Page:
Category Archives: Information

Creating A Sustainable Business By Keeping Politicians Accountable: A Good Idea For Lebanon?

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The idea might not be a new one but it worked out for Hackmack in Germany and it might work in Lebanon if it’s done by the right people. We need a panel of experts and intellectuals to kick off such a project away from any political affiliations and hopefully people will start to hold their representatives accountable for their acts. Social Media has proven to be a highly efficient tool in boosting transparency so let’s make good use of it.

I’d like to hear your thoughts on that and whether it’s feasible or not.

You can read more about it [Here]. You can also check out the website [Here].

BONN, Germany – With the federal election season in full swing in Germany, social entrepreneur and Ashoka Fellow Gregor Hackmack is busy preparing his online portal, ParliamentWatch, to host a variety of special online forums with German media partners and to connect citizen’s questions to candidates.

“It’s all about bridging the gap between citizens and politicians,” Hackmack said at the recent Ashoka Globalizer event in Bonn, which the Ashoka Germany office organized to piggy-back on the larger Deutsche Welle Global Media Forum. “We need to build that bridge.”

Roughly 95% of federal parliament members participate with the site, answering 80% of the 150,000 questions that have poured in from voters. The questions are stored in archives as a public record, which voters can use to later hold politicians accountable. The site can also sort and slice data and responses. For example, it shows, graphically, how responsive each of the major parties in Germany is to questions.

“We try to provide as much transparency as possible,” Hackmack said. “It’s one thing what people say they will do and another thing to see how they vote.”

The forum has proved popular, generating 350,000 unique visitors per month. It has partnerships running with several media including Süddeutsche Zeitung, broadcaster NDR, Spiegel Online (see Spiegel’s profile of Hackmack here) and more than 40 other local newspapers, which help draw questions from voters to the site and use some of the answers and data in news reports.

Saving the Crocodile from the Beirut River

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Animals Lebanon have been working for a week now with the Ministry of Agriculture and Civil Defense Team to try and capture the dangerous crocodile but as you can see from the pictures, the conditions of the so-called Beirut river are so bad that it is the crocodile who’s in danger and not us.

All pictures taken from Animals Lebanon Facebook Page.

It has been almost a week since we became involved with the Beirut river crocodile. In cooperation with the Ministry of Agriculture, our team along with the Civil Defense team have been taking shifts on a daily basis at the river. Permits from the Mayor of Beirut and the Minister of Energy and Water have been secured to let our team access the area and try to safely capture the crocodile.



The Janna Dam: Yet Another Scandal?

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Building a dam in Janna could affect the water flow to Jeita Springs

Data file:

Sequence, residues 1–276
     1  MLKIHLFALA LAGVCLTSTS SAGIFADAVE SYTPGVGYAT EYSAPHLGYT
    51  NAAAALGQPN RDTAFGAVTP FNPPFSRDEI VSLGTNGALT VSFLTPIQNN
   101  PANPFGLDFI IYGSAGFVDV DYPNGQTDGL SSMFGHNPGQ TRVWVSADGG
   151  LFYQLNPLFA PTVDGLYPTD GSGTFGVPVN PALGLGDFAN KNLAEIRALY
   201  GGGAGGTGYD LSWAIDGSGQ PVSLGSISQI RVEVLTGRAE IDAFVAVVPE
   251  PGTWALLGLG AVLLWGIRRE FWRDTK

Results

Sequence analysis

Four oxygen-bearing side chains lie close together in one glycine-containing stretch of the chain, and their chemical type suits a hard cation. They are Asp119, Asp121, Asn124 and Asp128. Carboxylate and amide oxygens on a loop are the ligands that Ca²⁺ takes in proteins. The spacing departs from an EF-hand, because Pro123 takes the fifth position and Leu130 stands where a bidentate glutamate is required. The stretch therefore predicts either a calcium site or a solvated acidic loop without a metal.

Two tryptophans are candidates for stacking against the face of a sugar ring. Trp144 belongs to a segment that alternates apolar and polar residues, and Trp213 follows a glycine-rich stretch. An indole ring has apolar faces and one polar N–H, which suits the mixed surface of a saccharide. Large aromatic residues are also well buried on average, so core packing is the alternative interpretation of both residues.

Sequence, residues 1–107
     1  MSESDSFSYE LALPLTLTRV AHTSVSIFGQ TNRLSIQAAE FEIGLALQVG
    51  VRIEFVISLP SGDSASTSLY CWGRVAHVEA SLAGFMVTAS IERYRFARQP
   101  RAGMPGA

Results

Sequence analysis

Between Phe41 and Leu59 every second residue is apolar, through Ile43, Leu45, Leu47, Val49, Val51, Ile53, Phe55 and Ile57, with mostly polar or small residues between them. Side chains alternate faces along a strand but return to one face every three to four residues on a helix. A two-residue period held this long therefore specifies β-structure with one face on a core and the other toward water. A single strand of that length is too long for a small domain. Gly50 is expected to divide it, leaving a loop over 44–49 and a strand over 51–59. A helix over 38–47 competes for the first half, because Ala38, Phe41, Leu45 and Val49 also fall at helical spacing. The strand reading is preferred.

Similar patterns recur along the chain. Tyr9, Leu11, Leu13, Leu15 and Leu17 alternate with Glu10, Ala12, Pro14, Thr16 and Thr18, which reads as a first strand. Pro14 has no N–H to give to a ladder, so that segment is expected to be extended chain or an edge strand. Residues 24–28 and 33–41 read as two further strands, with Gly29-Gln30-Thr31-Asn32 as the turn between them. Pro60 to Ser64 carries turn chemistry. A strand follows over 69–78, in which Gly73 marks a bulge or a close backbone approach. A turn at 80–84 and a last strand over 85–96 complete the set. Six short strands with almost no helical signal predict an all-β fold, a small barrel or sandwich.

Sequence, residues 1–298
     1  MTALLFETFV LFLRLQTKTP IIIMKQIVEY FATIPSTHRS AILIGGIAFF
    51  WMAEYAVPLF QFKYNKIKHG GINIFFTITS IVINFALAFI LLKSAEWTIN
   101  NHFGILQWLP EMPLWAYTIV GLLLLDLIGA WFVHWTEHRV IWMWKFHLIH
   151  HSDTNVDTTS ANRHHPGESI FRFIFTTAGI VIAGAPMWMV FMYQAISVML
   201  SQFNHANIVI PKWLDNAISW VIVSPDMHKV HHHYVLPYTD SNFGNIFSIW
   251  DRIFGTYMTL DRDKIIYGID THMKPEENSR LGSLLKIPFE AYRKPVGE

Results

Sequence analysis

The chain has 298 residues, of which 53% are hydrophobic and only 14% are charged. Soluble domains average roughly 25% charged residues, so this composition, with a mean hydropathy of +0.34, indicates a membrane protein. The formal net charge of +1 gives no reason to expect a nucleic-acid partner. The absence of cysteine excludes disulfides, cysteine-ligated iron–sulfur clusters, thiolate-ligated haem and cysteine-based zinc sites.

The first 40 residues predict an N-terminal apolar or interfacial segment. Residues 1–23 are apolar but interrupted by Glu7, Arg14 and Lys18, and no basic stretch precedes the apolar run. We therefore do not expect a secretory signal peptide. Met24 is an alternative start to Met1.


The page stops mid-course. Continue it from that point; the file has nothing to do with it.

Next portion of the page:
The German Federal Institute for Geosciences and Natural Resources published a [report] back in May 2012 on the Janneh dam and gave the below conclusion and recommendations:

Conclusion and Recommendations:
The results of all four measurement campaigns prove the existence of a massive infiltration into the J4 aquifer in the Upper Nahr Ibrahim Valley and have major implications for the currently ongoing planning of the Janneh dam which extends well into the assumed zone of high infiltration.

The exact location of the infiltration zone could be narrowed down to the area shown in Figure 23. The infiltration zone could start at an elevation of approx. 80m asl going up to around 860 m asl. The major infiltration is assumed to be at an elevation of 810-820 m asl. The planned minimum level of the Janneh dam would be at 834 m asl, the maximum level at 839 m asl. Due to infiltration between 14 and 29 m of storage would be lost completely.

In view of the current findings, it is strongly recommended not to go ahead with the construction of the planned Janneh dam.

The infiltrating water is believed to flow towards Jeita spring, constituting a large share of discharge at Jeita Spring. Any interference at the infiltration zone would directly affect Jeita spring. Should it be attempted to seal the infiltration zone, though practically impossible, discharge at Jeita spring would be significantly reduced.

It is recommended to establish a completely new monitoring of spring flow at Afqa and Rouaiss springs because both stations are in a state of disrepair and do not produce useful results. Construction costs for both are in the range of 1 Mio USD.

Despite these facts, The Energy and Water Ministry Gebran Bassil is going ahead with plans to build a dam in Janna, knowing that this plan might potentially damage Jeita Grotto.

Is Bassil aware of this report? Does he know something we don’t?

Either way, he’s a resigned minister now and hopefully this plan will never see the light.

What is Al-Jadeed’s Reporter Nawal Berri trying to prove?

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We have over 600,000 confirmed Syrian Refugees in Lebanon yet this Al-Jadeed reporter figured some might be “Nawar” (As if those are not human beings) and are pretending to be Syrian Refugees to get food and shelter. She also thought it’s ok to stay in the car and yell at random homeless people sleeping on the streets asking them if they are Syrians or not and requesting identification papers.

I honestly don’t understand what Berri was trying to prove by this report. Al-Akhbar also didn’t get what she was going after and saw in her report more racism against Syrian refugees.